Quickpong - development of a network game based on Twisted framework

Published on May 20, 2013

Quickpong - development of a network game based on Twisted framework

    Developed and launched on the quickpong.com domain an online version of the game Pong. In the game (by design), only the multiplayer mode is implemented, that is, the game is not against artificial intelligence, but against another person.

    The game consists of a client-server application, the server-side framework, written in Python Twisted , the client - at fleshovom framework, FlashPunk .

    This is my first experience developing an asynchronous network application that can handle thousands of concurrent connections. Next, I will talk about how this program works, what problems I had to face during development, what ideas I wanted to implement and what ultimately remained unrealized. Perhaps my experience will be useful to someone.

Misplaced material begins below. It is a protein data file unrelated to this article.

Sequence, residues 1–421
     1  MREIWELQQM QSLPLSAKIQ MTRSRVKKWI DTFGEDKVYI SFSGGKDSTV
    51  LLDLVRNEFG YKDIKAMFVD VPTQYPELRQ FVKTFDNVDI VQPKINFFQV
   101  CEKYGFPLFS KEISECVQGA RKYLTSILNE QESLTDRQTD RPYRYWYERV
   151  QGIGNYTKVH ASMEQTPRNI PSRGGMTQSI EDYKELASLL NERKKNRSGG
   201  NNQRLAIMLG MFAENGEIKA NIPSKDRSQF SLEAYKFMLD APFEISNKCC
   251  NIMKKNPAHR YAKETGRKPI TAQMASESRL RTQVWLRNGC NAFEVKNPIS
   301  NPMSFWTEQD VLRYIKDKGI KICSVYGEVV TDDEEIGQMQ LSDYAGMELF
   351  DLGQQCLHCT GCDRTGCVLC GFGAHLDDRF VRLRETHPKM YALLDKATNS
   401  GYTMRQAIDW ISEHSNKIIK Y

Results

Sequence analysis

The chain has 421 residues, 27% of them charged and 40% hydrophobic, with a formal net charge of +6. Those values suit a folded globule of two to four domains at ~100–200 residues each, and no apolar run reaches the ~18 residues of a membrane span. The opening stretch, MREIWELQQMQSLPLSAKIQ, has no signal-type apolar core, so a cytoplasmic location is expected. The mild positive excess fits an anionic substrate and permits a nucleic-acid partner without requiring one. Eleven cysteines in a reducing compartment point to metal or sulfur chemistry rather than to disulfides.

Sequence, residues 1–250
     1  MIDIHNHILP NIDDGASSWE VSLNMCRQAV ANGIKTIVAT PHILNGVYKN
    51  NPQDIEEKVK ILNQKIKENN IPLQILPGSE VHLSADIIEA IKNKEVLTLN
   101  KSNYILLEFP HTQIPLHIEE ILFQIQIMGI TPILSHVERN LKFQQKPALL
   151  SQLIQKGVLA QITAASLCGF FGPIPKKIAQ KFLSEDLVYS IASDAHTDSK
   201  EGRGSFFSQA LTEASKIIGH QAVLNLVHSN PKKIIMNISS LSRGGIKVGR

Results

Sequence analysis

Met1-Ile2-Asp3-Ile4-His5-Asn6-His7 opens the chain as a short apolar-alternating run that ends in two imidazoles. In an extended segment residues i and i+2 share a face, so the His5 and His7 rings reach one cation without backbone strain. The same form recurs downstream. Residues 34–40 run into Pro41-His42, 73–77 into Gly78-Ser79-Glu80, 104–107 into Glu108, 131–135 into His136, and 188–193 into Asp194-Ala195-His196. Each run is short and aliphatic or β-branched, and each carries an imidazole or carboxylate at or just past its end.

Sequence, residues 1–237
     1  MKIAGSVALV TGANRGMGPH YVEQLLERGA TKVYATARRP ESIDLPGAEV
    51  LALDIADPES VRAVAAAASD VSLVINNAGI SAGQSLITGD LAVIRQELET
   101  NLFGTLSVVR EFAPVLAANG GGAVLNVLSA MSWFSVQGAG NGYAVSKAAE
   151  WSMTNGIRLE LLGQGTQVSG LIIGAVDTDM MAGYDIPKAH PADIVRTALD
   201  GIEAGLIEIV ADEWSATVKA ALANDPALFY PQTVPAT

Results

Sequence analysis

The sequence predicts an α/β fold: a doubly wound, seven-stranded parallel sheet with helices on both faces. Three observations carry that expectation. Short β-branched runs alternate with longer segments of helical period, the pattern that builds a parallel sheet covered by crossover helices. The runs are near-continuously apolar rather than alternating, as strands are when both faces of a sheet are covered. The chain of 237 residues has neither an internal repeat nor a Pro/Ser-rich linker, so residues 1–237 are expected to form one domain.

Two words about the gameplay


    On the playing field, left and right are 2 boards that can move vertically. Each of the boards is controlled by a person. Between the boards, a ball moves, bouncing off the walls of the playing field and boards. The player’s task is to prevent the ball from falling outside the wall near which its board is located.

    Selection of Technologies Used


    When mastering new technologies and tools, the availability of competent detailed documentation plays a huge role. When choosing a server framework, I looked at Python's Twisted, Tornado, and Node.js.